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Dec 11, 2007 21:14 |  #65

e r y k wrote in post #4486719external link
swat, i think whats more important is that you get a reflector. sure, more strobes would help, but you will be surprised how much a reflector will help :) plus, theyre really cheap!

is the shoot going to be taking place mostly indoors or outdoors?

Mostly indoors as its looking like its going to be either semi-nude or totally nude.

Can a reflector be made cheap or should I just order one? I've been looking at ordering some more strobes but haven't gotten around to it and I'm afraid it might be to late now.

Also, I have a Sigma SuperDG 500 flash that could be used I think, but not sure.


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sfaust
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Dec 11, 2007 21:50 |  #66

Reflectors and mirrors will give you a three light setup without the expense of buying more lights. The AB800 has more than enough power to handle the lighting for small full length sets.

The downside, is that is seems you are short on time. You'll need to make sure you have enough time to practice with the reflector and mirrors before the shoot. Of course, the same really goes for multi light setups as well.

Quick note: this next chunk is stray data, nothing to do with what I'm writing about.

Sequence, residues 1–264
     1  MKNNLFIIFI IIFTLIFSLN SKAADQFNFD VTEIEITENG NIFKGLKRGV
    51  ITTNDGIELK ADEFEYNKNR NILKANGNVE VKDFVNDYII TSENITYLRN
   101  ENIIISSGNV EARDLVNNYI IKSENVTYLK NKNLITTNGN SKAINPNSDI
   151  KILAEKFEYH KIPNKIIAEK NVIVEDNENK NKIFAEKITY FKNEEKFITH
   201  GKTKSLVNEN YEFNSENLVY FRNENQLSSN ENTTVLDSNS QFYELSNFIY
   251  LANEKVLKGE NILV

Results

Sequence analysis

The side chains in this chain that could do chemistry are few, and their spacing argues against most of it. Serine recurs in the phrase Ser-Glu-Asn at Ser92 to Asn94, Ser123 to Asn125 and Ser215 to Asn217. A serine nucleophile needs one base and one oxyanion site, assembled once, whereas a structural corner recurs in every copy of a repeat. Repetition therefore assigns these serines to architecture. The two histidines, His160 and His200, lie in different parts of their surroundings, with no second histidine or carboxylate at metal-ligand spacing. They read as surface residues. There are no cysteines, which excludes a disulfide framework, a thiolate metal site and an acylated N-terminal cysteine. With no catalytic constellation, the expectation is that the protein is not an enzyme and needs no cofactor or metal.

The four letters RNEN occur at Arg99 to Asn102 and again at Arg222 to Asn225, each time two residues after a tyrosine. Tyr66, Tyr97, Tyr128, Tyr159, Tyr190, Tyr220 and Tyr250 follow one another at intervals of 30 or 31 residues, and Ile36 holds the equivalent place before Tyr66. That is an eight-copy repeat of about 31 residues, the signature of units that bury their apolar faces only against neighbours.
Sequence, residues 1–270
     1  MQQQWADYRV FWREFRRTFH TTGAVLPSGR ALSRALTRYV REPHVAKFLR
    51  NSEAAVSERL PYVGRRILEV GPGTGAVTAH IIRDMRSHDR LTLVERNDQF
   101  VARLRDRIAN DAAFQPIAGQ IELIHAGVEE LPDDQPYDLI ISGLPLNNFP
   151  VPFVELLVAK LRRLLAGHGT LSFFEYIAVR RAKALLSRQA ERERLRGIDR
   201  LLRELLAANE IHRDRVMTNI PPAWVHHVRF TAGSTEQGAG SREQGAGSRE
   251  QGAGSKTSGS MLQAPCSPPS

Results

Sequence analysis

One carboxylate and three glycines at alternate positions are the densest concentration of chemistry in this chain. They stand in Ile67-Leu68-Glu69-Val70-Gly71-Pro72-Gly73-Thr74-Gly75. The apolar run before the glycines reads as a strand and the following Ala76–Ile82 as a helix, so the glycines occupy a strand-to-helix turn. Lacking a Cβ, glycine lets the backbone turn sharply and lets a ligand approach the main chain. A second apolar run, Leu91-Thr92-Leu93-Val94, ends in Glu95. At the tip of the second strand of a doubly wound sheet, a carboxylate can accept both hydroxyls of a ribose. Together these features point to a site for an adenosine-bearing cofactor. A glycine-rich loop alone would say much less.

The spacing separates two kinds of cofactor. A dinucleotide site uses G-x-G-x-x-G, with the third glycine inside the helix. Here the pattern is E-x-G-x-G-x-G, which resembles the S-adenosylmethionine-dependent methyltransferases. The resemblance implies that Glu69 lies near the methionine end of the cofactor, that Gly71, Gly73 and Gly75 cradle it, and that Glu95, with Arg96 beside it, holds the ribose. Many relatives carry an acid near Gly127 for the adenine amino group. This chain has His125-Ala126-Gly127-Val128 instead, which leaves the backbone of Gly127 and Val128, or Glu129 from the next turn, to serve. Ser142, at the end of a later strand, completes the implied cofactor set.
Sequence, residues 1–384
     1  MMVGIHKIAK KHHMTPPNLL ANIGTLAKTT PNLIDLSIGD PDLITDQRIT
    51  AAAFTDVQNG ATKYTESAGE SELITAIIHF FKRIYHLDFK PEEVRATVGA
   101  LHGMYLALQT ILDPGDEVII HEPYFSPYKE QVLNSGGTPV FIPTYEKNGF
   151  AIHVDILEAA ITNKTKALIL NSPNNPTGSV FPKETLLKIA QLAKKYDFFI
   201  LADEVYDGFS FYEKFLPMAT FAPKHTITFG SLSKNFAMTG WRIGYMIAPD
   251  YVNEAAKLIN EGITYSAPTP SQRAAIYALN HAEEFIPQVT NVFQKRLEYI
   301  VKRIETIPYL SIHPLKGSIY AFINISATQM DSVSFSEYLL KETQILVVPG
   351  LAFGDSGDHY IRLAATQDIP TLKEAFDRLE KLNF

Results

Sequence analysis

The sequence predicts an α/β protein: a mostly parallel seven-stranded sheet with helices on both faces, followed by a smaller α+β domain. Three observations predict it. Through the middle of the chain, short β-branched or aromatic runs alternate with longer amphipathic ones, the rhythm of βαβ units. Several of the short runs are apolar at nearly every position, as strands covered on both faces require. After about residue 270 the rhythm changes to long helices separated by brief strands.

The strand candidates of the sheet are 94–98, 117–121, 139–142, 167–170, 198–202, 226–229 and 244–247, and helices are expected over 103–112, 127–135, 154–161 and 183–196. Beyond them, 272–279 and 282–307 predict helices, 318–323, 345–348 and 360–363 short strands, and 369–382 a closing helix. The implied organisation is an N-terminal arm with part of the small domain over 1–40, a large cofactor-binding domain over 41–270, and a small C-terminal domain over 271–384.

Here is what I would do to make the AB800 work triple duty. I would get a full length diffuser panel, and a 2'x3' acrylic mirror (lighter than glass and safer). You can then aim the light through the diffuser as a large softbox, but at the same time allow some light to pass the panel toward the back of the set (spill light, or split lighting). Use the mirror to then redirect that light back onto the subject from the other side. Its the perfect intensity as a kicker light, and the light through the diffusion panel acts as a full length main. The difference is usually about a stop or so, which is perfect for the main/kicker lighting setup.